Funny how little it takes to make programmers happy, just make our jobs easier. I mentioned in my last post that AJAX does something fairly obvious and it is a quantum leap in the web browser world. Sadly most people still think of the web browser as the only interface to the internet. Browsers are so needlessly restrictive, I suppose security issues have a lot to do with it, but I think it is mostly a lack of imagination.
That brings me to GML in JP2. Jeff Thurston over at Vector One has a post up which goes into just enough detail to let you know that it is a good idea. Not brilliant, not even tricky in the least. The designers of the JPEG 2000 standard saw fit to allow the addition of text metadata along with the picture in their format. That is all that is needed to add a simple xml file conforming to the GML specification which will allow great things like telling you how the JP2 image(s) are to be georeferenced, you can even add other features like point and polygon features. TIFF allows this as well, but anyone who has looked at the guts of libtiff or seen the contortions need to make an image conform to the GeoTIFF "well known text" spec knows that it is anything but easy.
Why is it a big deal? It is and it isn't. JPEG has comment tags, but I'm not sure if they have a length limit, and I don't really care to check. PNG? same thing. The reason it could be a big deal is because people are talking about it and building a de-facto standard that will be presumably supported in future GIS software. Much like the "well known text" popularized by the ubiquitous GDAL and PROJ.4 packages, a tacit agreement that you check your JP2 images for GML metadata is all that is needed for this to make a significant impact.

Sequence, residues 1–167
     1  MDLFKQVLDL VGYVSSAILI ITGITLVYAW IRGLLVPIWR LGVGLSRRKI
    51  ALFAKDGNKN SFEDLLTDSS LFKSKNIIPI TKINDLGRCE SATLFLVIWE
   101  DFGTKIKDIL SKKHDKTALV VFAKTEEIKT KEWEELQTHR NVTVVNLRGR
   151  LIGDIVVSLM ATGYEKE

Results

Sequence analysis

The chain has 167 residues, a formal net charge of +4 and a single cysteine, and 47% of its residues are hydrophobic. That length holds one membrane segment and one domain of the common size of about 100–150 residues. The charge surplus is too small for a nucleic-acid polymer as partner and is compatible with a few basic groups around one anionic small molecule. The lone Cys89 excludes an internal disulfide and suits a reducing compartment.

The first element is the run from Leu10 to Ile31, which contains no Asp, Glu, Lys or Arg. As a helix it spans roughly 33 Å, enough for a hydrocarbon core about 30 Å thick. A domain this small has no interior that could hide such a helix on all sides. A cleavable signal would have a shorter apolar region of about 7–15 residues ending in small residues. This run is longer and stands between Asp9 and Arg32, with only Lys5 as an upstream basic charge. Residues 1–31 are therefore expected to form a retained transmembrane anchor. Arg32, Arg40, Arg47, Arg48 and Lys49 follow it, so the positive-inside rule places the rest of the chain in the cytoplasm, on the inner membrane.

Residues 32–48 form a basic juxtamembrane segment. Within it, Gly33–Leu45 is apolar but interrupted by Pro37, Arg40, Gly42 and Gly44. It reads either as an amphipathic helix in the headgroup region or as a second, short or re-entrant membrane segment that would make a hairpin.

But what is the impact of GML & JP2 exactly? By combining the image with the metadata you make distribution, storage, reference and cataloging of such datafiles an order of magnitude simpler. Like my previous post about the "seduction of the one" having one anything makes it so much easier in so many ways. Just think of the all of the possible states inherent in the horrid shapefile format, you have the .shp, the .dbx and possibly the .shx file just to describe some vector data. Right there you have a lot of code to manage all of the possible states of the files. You also have to have data transport functionality that can send and request data from more than one file if needed. It is about an order of magnitude harder to handle a multi-file format than it is a single file one. Not only that, but if you do support a multi-file format you are boxed into not doing something really slick that is only possible from a one file format.
As an example, EarthBrowser v3.0 has a really neat unified data stream architecture internally which I can attach arbitrary metadata to each stream. A simple but powerful concept that can simplify object data interfaces across the board. If I had to make a unified data stream structure that incorporated multiple streams as different parts of the same data, well no thanks. If you really had to do support something like that, you would probably want to pre-process the data to an internal format when reading and just bite the bullet and code it up if you ever had to write that format out.
There you have it; GML and JP2. Highly compressed raster data along with descriptive metadata all in one package. I give it a big thumbs up, at least someone is looking out for us poor overworked programmers.